Back to school time means……..

…..that the new issue of ESPN Rise is out. Just got the current issue at my school this past week, and it’s girls from cover to cover. Freakin fantastic.

In the online issue, the piece on burnout is good, as is the one on good coaching. It features, of course, Pat Summitt in naming five qualities of effective coaches:

1. They care about your education and development as a person
As a high school athlete, it can be easy to get caught up in competing. With most of your time devoted to playing the sport, it can effortlessly become the main priority in your life. During my high school career, basketball seemed to be the only thing I was known for. I quickly learned if I didn’t maintain good grades, it would be much harder to play in college. My coach at Mt. Miguel (Spring Valley, Calif.), Robbie Sandoval, took it upon himself to ensure that I maintained an above average GPA. I noticed that the same effort he applied to me on the court, he applied to me in the classroom and in life.

2. They care about your development as a player
Just as my coach was conscious of my growth in the classroom, he was even more mindful of my growth as a player. There are times when a player is good when she gets to high school but never gets better. I believe that a great coach is never satisfied with a player’s game staying the same. A great coach not only forces a player to work hard, but motivates her to work harder. Coach Rob made sure that every year I added a different element to my game. He did a lot more than help me get better; he made me want to be better.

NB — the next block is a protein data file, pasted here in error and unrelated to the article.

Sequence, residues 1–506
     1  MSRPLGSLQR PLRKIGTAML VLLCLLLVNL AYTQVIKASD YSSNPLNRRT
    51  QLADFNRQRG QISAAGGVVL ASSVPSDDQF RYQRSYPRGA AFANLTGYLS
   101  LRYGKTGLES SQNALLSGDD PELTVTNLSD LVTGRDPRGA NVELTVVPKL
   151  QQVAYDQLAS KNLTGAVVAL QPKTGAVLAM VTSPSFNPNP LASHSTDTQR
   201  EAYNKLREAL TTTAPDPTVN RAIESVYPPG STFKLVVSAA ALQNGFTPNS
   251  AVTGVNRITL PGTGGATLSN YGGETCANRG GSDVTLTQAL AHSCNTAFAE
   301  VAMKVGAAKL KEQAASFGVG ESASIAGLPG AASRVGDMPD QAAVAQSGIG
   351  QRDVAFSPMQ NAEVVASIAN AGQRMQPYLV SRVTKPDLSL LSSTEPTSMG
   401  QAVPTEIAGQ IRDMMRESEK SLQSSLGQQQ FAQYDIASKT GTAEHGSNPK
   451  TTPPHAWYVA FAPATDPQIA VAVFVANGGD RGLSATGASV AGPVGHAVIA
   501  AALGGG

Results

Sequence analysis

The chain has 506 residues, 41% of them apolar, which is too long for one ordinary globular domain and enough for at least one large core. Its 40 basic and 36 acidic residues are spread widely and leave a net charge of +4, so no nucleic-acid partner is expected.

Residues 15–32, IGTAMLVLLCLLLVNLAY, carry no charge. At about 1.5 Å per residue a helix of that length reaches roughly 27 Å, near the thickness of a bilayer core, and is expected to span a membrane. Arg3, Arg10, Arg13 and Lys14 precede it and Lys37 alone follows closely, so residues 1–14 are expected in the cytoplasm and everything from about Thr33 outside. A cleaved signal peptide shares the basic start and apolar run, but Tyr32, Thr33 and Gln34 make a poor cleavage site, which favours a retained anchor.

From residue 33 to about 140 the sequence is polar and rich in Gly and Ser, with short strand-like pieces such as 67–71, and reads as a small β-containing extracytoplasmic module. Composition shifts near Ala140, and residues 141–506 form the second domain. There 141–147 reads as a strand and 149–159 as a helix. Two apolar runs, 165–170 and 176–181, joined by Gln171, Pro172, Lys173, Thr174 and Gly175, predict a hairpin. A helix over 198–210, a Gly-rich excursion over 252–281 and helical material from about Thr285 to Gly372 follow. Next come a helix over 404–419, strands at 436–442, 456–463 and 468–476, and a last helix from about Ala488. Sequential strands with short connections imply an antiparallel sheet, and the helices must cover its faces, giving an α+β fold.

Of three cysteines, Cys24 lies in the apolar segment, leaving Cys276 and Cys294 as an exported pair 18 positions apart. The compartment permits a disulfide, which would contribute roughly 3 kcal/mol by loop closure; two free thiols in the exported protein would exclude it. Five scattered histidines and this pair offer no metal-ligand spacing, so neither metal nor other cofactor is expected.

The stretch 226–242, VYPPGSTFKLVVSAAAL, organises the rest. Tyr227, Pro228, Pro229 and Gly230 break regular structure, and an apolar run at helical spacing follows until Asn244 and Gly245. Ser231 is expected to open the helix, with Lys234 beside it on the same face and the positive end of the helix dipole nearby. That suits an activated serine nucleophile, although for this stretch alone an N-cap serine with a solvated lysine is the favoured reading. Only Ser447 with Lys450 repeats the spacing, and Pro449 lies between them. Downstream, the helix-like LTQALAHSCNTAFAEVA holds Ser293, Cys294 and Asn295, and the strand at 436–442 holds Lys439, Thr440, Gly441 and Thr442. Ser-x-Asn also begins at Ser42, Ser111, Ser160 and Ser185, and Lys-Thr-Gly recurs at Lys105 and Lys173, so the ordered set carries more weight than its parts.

3. They ride you the most during practice and in games
I quickly learned that if I wanted to be a great basketball player, I couldn’t look to my coach, or anyone for that matter, to tell me I was a good player. My coach would hardly ever tell me that I did something right. Whether it was in practice or a championship game, he made it apparent that there was something else that I could be doing to help the team. I may not have understood why he was so hard me then, but in the long run, I thank him for it because he helped me surpass my potential as a high school athlete.

4. They care about winning
I always hear the phrase, “Winning isn’t everything.” I understand that winning isn’t everything, but at the same time, no one plays to lose. If a coach is comfortable with losing, then he or she is not a very good coach. A great coach can learn from every game and apply it in preparation to win the next one. My coach in high school showed me that you don’t need the tallest players or the best players to win a game. With no one over 5-9, we were able to reach the San Diego section title game all four years of my high school career. Coach Rob understood how to utilize our individual strengths, as well as team strengths, to make us better. Simply put, it’s easier to be noticed by colleges if you win. Being seen is what will, essentially, take you to the next level.

5. They understand your goals and put in the effort to get you to the next level.
By the end of my high school career, my coach knew my game better than anyone. He knew how I was in practice, in games and he knew my tendencies. He would communicate with me to understand my goals and where I wanted to take my game. He talked to countless of coaches to help me figure out where I would best fit. He was also very involved in my AAU basketball team. Not only did he put in the effort to work with other people to ensure my success, but he also worked with me individually in areas that I needed to improve my game.

And who knew Queen Latifah was a high school sports star?